Theater News Online
free issue
London Theatre Reviews
NY Theater Reviews
LTN Recommendations
NYTN Recommendations
Book Reviews
Movie Reviews
London Theatre Archives
NY Theater Archives
Latest New York News
Latest London News
NY News Archives
London News Archives
Peter Filichia's Monday Quiz
Dining and Travel
London Theatre Listings
NY Broadway Listings
Off-Broadway Listings
London Tickets
Advertise with us

Give a Gift


Adagio Teas
   Features  >  London Theatre Reviews

at Trafalgar Studios


  Lesley Manville and Jack Lowden/ Ph: Hugo Glendinning

Few, if any, 19th century plays shattered more taboos and caused more outrage than Ibsen’s powerful, trail-blazing drama Ghosts. Written in 1881, its publication caused something of a scandal. No theatre in Norway would touch it, and it was first performed in Chicago in 1882 by a group of Danish and Norwegian amateurs for the benefit of Scandinavian immigrants. Needless to say, its subject matter (incest, venereal disease (syphilis), euthanasia) and its theme (the sins of the fathers being visited on their children) also offended Britain’s straitjacketed Lord Chamberlain, who banned the play outright.
“Wretched,” “deplorable,” “loathsome,” “dirty,” “revolting” and “blasphemous” were some of the epithets predictably hurled at it. Director Richard Eyre’s new adaptation (transferred to the West End from the Almeida Theater) is more explicit than some others I’ve seen, effectively banishing all traces of the stodginess and heavy handedness that bedevil more literal versions. As a result, it allows contemporary audiences to feel something of the visceral shock their 19th century predecessors must have experienced over 130 years ago.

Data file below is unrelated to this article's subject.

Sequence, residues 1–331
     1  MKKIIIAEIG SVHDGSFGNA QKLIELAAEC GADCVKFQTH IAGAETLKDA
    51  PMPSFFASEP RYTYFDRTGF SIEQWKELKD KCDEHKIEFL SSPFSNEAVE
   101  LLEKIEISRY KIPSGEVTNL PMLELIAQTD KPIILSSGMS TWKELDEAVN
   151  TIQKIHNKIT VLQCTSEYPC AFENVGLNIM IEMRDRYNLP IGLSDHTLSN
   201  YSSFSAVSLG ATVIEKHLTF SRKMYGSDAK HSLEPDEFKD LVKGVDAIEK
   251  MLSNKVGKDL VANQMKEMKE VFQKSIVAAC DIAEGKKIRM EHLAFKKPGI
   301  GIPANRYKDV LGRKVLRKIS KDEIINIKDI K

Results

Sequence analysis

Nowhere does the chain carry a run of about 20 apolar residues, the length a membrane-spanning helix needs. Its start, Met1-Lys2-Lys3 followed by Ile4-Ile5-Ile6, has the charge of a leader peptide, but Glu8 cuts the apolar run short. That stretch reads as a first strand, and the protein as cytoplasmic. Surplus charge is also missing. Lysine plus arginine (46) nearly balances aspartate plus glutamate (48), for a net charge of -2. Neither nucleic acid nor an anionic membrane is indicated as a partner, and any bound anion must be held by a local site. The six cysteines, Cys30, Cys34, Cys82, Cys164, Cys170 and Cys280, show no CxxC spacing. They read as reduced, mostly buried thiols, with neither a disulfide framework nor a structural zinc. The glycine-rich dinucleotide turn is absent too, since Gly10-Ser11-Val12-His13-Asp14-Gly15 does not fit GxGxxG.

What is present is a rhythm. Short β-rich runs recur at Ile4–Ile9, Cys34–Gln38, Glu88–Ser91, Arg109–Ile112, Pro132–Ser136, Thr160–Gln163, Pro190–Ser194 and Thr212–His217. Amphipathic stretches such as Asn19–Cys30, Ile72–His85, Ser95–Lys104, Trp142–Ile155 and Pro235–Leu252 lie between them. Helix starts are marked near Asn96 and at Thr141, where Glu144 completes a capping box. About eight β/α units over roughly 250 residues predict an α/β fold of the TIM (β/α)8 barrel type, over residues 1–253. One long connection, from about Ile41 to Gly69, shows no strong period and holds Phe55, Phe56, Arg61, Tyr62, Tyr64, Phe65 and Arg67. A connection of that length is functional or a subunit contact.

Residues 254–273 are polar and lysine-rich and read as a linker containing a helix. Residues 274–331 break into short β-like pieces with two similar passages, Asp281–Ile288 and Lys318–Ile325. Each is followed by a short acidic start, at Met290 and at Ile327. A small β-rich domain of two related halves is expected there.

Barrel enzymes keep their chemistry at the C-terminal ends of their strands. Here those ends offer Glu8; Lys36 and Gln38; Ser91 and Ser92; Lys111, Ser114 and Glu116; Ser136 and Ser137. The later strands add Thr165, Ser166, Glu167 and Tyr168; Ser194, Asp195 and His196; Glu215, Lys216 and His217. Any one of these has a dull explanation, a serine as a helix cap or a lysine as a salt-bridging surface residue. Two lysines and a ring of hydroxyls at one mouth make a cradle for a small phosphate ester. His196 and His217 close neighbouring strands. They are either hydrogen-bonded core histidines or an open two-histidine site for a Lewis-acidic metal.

As well as confronting taboo subjects, Ghosts is also a criticism of Norway’s repressed bourgeois society, its main character being Helene Alving, a widow in denial of every aspect of her life, including the unhappiness of her marriage to an alcoholic philanderer, the venereal disease he passed on to her beloved bohemian son Oswald, and her pent-up, ongoing lust for Pastor Manders, the family’s self-righteous spiritual adviser whose bumbling touch turns everything to ash (quite literally on one occasion).
Apart from the crispness of Eyre’s adaptation, what also distinguishes this brilliant production is the speed at which it moves. Eyre stages the piece without an interval, allowing the drama to unfurl with the intensity of a Greek tragedy. It’s all over in about 90 breathless minutes and the effect is shattering.
This is also a superbly acted production, with Lesley Manville in towering form as Mrs. Alving, a woman haunted by the ghosts of her tormented past. She brings a painful intensity to her relationship with her dying son Oswald – who, as harrowingly played by Jack Lowden, emerges as a genuinely tragic character rather than a man wastefully destroyed by a life of debauchery.
Will Keen manages to find facets to the tunnel-visioned Pastor Manders absent from most interpretations I’ve seen; while Charlene McKenna is impressively feisty and single-minded as Regina, the Alving’s maid who, unbeknownst to a besotted Oswald, turns out to be his half sister.
The excellent and beautifully lit (by Peter Mumford) set is by Tim Hatley, whose transparent back wall allows us to witness, ghost-like, the hovering presence of characters even when they’re meant to be off-stage. A production to cherish.


SUBSCRIBE TO New York Theater News
SUBSCRIBE TO London Theater News

Yes, Prime Minister contracts its run, while A Chorus Line expands its own.
POWERHOUSE OF THEATRE - After 11 years as the Almeida Theatre's artistic director, Michael Attenborough is stepping down to focus on directing. 

SONGS FROM THE HEART - Once the Tony-Award winning musical is set to hit London in January.

Wine, Fruit, and Gourmet Gift Baskets.
Privacy Notice   |   Front Page
Copyright © All Rights Reserved.